Extended Hours Will Help Ease Traffic Problems at L.A. Ports
All the players in the maritime supply chain know that a big way to improve the congestion at the ports of Los Angeles and Long Beach and their access freeways is to simply extend hours.
But for years, they have played the blame game largely to avoid absorbing additional overhead that might come with making such a switch.
Truckers, who take a lot of heat for clogging up the highways and belching pollutants into the air, blame terminal operators for not keeping their gates open during off-peak hours.
The terminals claim they would be happy to operate longer hours if shippers would move enough cargo through their gates at night to justify the costs of paying overtime hours to unionized longshoremen.
But only the larger shippers have 24-hour distribution centers, while smaller operations that shut down at night would leave truckers with no place to unload the cargo safely.
After years of haggling, all sides are finally starting to work together not so much out of consideration for their long-suffering neighbors but because of political pressure.
Spurred by Los Angeles City Councilwoman Janice Hahn and state Assemblyman Alan Lowenthal, D-Long Beach, legislation will likely gain approval later this year that would penalize shippers through a surcharge for moving cargo during daylight hours. The money collected would be used to supplement terminals that lose money by staying open at night.
"I know it's sort of out there as a threat and a hammer," said Hahn, whose district includes the L.A. port. "Alan is saying if you don't do it right then Sacramento will do it right."
That provides an incentive for the 110-member Regional Goods Movement Efficiency Team a working group of maritime supply chain links formed by Hahn to arrive at some solutions before the Lowenthal bill comes up for a vote. At the very least, the group could devise a reasonable fee structure for shippers.
The language in the bill won't be called a fine, but something like a cargo surcharge or premium fee. Whatever the label, money talks.
Last year, Lowenthal successfully got the terminals to eliminate long lines of trucks idling outside their gates with legislation that approved a $250 fine against terminal operators for every truck forced to wait more than a half hour.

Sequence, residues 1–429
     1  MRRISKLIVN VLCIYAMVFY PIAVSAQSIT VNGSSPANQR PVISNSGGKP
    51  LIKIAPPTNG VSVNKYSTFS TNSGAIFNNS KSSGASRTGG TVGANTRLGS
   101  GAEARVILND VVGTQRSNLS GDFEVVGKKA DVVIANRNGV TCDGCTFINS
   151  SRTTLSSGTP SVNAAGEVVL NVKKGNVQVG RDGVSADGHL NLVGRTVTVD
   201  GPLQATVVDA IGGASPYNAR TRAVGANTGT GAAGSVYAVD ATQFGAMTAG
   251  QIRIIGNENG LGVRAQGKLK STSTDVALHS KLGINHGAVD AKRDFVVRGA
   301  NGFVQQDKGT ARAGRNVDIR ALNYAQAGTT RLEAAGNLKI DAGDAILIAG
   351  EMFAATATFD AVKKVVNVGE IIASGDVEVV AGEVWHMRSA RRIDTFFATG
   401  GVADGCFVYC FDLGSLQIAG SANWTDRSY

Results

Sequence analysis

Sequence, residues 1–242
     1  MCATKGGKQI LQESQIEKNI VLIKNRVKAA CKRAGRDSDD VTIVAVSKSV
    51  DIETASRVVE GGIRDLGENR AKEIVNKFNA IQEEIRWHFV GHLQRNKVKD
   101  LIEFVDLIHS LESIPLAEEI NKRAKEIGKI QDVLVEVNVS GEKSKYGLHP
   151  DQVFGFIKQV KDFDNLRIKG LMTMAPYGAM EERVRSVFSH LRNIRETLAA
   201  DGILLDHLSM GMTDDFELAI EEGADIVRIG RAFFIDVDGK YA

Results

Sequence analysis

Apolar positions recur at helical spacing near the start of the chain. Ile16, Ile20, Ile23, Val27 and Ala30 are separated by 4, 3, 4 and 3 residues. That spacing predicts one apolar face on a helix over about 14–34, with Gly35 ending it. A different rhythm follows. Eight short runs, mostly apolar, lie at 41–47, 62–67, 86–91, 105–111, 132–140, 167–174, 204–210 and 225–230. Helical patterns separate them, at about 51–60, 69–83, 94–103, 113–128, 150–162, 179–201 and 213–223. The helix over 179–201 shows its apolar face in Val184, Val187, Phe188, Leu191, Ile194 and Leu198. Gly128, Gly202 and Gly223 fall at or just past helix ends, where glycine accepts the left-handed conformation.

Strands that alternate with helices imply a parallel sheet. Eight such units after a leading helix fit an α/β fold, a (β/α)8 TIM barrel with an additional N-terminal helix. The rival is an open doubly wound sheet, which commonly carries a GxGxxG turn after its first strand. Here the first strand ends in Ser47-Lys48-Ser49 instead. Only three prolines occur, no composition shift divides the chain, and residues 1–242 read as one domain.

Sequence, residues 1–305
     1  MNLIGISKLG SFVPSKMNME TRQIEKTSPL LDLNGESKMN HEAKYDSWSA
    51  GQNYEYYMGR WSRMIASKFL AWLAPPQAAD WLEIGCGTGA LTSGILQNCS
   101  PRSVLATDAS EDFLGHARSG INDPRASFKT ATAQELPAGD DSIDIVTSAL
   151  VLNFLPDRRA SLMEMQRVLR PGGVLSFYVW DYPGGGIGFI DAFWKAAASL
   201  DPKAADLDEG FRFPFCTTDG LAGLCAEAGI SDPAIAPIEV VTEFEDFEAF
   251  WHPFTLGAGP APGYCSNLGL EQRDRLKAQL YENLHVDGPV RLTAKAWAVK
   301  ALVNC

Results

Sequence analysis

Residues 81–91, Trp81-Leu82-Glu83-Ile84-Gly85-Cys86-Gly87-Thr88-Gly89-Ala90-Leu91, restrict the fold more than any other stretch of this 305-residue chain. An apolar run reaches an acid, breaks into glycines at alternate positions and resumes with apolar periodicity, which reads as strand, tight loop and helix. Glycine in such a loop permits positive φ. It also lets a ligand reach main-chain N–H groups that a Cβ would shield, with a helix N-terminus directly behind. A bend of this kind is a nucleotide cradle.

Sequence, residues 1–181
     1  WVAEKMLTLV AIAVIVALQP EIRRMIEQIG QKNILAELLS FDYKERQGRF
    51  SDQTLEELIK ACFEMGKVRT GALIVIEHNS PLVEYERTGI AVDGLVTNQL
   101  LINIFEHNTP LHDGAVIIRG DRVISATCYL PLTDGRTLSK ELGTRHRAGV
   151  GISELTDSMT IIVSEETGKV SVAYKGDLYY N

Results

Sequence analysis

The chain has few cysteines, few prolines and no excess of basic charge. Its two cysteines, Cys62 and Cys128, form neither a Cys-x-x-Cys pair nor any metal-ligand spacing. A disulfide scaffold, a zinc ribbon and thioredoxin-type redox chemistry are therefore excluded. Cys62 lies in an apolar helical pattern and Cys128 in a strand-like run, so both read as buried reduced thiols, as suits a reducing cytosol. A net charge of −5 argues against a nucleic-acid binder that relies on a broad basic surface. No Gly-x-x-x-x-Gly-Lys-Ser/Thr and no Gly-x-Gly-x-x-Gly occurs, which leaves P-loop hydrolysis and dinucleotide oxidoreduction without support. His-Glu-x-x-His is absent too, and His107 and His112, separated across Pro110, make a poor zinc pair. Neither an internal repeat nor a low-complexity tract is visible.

But that was a minor accomplishment in the larger picture of congestion caused by the 155,000 truck trips made to and from both ports each week. And the traffic will not get any lighter: Within a decade, the two container cargo facilities will have to handle twice the more than $200 billion in container traffic they now move annually.
Some big-box retailers, such as Wal-Mart Stores Inc., agreed late last year to move a portion of their cargo at night. Yet, 85 percent of the truck trips are still made during the day. Extended hours at all the terminals could reduce daytime truck traffic by 40 percent.
For now, it seems to be the best option far more realistic than expansion of the Long Beach (710) Freeway, a project that would be hampered by budget cuts and neighborhood opposition in using eminent domain to tear down houses along the route.
The $2.4 billion Alameda Corridor was touted as the solution to some of the traffic problems when it opened in April 2002, and it has helped. But with no direct rail to the distribution centers in and around the Inland Empire, many shippers continue to deliver their goods by truck.
A rail link from the main corridor (which runs 20 miles from the ports to the rail yards east of downtown) to the distribution centers would help, too, but that's years and many millions of dollars away.
In the middle of the puzzle are the local longshoremen, who long have been ambivalent about working at night. Any move to extend hours will need the consent formally or otherwise of the International Longshore and Warehouse Union, which last year ratified a six-year agreement with the Pacific Maritime Association.
The pact won't necessarily eliminate decades of tension between the militant unions and the multi-billion-dollar steamship companies. The result: periodic work slowdowns.
Even an expanded system to handle today's traffic won't be enough deal with what's projected over the next few years, which is why maritime and transportation officials are struggling to find affordable solutions to the increased traffic a decade from now.
"There will be lots of congestion and lots of conflict," said Stephanie Williams, vice president of the California Trucking Association. "What they are doing today will handle today's congestion problems. But if cargo increases they are going to have to require everyone to be open 24/7."
Proposal: Alleviating truck traffic on Long Beach (710) Freeway to and from the ports of Los Angeles and Long Beach
Obstacles: Lack of available funding and community opposition to freeway expansion, as well as reluctance of players in maritime supply chain to absorb additional costs of using terminal gates during off-peak hours
Cost: More than $1 billion for freeway improvements and tens of millions more annually for nighttime terminal gates
Time Frame: Decades for freeway expansion and one to three years for extensive use of nighttime terminal gate operations
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